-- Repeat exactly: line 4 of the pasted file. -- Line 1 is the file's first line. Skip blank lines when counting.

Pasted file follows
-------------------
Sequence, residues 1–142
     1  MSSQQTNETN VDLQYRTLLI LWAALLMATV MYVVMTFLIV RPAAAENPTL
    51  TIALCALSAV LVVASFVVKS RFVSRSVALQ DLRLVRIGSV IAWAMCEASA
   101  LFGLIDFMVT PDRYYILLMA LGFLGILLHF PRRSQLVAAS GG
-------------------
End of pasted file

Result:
   101  LFGLIDFMVT PDRYYILLMA LGFLGILLHF PRRSQLVAAS GG